sports medicine

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Exercise Addiction: How To Know If You’ve Crossed The Line Between Health And Obsession

Experts say it’s tricky to determine precisely how many people struggle with exercise addiction because it can masquerade behind socially acceptable intentions -- like getting fit at the gym. (Courtesy of Scott Webb/Unsplash)

Experts say it’s tricky to determine precisely how many people struggle with exercise addiction because it can masquerade behind socially acceptable intentions — like getting fit at the gym. (Courtesy of Scott Webb/Unsplash)

Lisa M. joined a gym as soon as she started college at Bridgewater State University, determined not to pack on an extra 15 pounds freshman year like her older sister.

“In my head there was that picture of my sister,” Lisa said in an interview. “I didn’t want that to happen to me.”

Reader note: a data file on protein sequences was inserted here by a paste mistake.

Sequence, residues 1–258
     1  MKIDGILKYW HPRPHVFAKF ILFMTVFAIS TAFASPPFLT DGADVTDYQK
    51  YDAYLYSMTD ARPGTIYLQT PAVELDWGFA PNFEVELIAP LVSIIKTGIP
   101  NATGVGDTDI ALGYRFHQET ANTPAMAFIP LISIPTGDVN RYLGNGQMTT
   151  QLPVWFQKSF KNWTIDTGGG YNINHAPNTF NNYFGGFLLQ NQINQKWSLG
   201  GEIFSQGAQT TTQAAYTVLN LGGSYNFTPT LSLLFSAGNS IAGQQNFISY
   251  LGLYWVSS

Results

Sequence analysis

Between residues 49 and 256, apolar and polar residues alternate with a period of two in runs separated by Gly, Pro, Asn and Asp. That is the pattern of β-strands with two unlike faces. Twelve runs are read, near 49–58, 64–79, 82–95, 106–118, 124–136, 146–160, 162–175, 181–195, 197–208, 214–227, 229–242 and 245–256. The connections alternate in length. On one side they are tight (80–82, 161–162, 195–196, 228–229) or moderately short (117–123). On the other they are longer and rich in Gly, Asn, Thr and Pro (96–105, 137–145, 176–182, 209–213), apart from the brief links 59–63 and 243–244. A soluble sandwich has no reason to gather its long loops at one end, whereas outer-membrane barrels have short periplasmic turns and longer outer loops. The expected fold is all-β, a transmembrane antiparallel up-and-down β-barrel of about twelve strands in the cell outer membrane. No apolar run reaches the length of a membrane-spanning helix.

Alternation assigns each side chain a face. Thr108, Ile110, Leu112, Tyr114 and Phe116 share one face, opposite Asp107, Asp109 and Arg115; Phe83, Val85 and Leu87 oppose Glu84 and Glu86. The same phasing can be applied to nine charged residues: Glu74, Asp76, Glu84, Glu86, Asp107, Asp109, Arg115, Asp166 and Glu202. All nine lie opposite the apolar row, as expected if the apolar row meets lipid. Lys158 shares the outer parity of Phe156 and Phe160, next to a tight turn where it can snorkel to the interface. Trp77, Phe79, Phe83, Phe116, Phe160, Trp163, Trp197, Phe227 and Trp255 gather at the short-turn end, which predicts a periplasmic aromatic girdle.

For the next six years, Lisa says, she never missed a day at the gym unless it was preplanned and she could make it up later. In order to fulfill her self-imposed exercise requirements, Lisa skipped Christmas Eve gatherings, birthdays, weddings and dates with someone she loved and “very likely lost” because of her illness, she says.

“Every aspect of my life was dictated by exercise and food and the need to control it all,” says Lisa, who asked that her last name not be used because she is still in treatment.

“Every aspect of my life was dictated by exercise and food and the need to control it all.”

– Lisa M.